Bloom Energy secrecy fuels ongoing criticism
Last week, Bloom Energy and Exelon announced an agreement to develop 40 megawatts of fuel cell capacity. The project will include an impressive 170 installations in California and the East Coast.
Exelon will own a majority stake in the projects, with customers paying for the power under a long-term deal.
You might remember Exelon as the company that is planning to complete the merger with Delmarva Power owner, Pepco Holdings.
The agreement is with Constellation Energy, part of the non-utility side of Exelon, the owner of the nation’s largest fleet of nuclear power plants and a growing number of utilities in the Mid-Atlantic and Illinois.
The deal appears to double the current number of about 140 fuel cell installations in the U.S., according to information on Bloom’s help wanted posts. Exelon had earlier signed a far more modest deal with Bloom.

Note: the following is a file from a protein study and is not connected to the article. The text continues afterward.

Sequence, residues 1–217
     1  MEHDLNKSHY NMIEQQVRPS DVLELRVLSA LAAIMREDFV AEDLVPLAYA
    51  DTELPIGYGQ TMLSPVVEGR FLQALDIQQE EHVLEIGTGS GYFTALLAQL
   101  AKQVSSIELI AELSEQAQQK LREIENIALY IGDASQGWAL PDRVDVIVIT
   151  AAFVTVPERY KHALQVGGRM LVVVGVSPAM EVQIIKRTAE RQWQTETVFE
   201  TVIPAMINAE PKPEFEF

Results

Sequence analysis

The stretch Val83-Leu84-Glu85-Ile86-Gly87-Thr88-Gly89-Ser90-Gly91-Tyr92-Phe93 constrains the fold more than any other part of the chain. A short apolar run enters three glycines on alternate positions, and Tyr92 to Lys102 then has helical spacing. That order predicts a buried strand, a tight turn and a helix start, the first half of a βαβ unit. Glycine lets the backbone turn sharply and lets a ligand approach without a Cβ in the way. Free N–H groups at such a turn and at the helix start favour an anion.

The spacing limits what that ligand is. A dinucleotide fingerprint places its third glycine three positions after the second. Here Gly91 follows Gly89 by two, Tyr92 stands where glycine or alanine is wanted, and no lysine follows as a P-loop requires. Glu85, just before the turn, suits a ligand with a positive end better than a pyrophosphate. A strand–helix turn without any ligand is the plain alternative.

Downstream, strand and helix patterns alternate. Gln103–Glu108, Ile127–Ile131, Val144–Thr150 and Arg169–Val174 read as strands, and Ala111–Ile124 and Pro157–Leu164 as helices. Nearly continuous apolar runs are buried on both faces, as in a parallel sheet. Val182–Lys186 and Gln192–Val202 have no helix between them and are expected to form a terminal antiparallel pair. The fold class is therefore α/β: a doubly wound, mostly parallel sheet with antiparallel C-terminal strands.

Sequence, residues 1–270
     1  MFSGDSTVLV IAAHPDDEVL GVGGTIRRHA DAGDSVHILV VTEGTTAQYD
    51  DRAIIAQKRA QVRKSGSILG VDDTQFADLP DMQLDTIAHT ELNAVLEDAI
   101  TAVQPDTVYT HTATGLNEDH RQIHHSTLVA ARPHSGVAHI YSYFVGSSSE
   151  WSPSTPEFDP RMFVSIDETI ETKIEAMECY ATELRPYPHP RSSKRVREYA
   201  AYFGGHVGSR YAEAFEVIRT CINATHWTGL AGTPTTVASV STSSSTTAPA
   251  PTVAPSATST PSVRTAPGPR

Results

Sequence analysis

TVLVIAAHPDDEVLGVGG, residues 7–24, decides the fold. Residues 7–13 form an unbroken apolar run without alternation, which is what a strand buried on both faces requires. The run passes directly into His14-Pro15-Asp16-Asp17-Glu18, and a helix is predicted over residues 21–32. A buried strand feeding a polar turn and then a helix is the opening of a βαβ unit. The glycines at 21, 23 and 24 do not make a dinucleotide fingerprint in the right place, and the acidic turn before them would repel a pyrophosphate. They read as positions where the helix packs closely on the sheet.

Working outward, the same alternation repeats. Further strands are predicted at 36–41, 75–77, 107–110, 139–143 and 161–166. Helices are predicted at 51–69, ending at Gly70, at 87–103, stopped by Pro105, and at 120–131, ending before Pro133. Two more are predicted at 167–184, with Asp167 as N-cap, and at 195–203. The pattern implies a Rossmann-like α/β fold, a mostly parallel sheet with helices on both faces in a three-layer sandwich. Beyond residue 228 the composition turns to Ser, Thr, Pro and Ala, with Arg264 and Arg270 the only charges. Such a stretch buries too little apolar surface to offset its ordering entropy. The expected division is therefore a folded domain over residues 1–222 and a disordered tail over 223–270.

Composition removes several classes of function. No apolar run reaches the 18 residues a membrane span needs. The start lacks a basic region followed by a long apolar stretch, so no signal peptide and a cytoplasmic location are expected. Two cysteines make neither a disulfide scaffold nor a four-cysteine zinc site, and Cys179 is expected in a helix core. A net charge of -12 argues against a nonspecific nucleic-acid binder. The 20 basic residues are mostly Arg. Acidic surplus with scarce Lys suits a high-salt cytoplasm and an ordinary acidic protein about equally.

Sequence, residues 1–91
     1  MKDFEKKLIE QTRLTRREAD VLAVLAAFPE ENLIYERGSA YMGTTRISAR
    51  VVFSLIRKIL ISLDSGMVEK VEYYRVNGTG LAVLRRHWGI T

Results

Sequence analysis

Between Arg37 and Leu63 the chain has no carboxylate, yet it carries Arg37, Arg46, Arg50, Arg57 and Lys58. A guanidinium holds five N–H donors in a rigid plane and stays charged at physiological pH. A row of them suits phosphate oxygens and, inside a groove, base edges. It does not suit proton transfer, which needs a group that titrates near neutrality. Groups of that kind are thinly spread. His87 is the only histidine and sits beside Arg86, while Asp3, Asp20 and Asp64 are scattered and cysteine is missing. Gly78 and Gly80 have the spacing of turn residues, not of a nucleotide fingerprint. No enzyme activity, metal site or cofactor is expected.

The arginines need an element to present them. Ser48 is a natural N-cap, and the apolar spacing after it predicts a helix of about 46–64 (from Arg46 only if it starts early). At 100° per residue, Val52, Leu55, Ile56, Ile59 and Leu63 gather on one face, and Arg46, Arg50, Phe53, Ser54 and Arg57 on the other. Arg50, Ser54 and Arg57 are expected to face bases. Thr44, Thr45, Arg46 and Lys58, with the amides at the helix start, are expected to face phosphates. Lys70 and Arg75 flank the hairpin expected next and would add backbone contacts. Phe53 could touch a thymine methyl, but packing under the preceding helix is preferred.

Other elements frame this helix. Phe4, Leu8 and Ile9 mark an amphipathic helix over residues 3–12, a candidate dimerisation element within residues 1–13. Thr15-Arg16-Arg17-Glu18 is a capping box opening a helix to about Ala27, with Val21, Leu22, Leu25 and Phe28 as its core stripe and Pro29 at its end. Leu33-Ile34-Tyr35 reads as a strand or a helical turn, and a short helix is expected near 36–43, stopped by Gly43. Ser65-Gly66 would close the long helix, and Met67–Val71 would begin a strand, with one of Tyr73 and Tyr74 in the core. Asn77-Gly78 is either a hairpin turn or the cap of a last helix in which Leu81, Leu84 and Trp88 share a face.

Customers include Walmart, which already has about 40 Bloom installations and the city of Hartford, Conn. Hartford will build a “micro-grid” that allows key buildings to remain open in the event of an extended outage.
In terms of generating capacity, 40 megawatts is not a big deal. It amounts to about one-sixth of the capacity of the Calpine natural gas-fired power plant that is nearing completion in Dover.
Still, it’s good news for the Bloom assembly site in Newark. So far, the plant has been a disappointment on the job front with a workforce of slightly more than 200, at last report, well below projected 900 workers.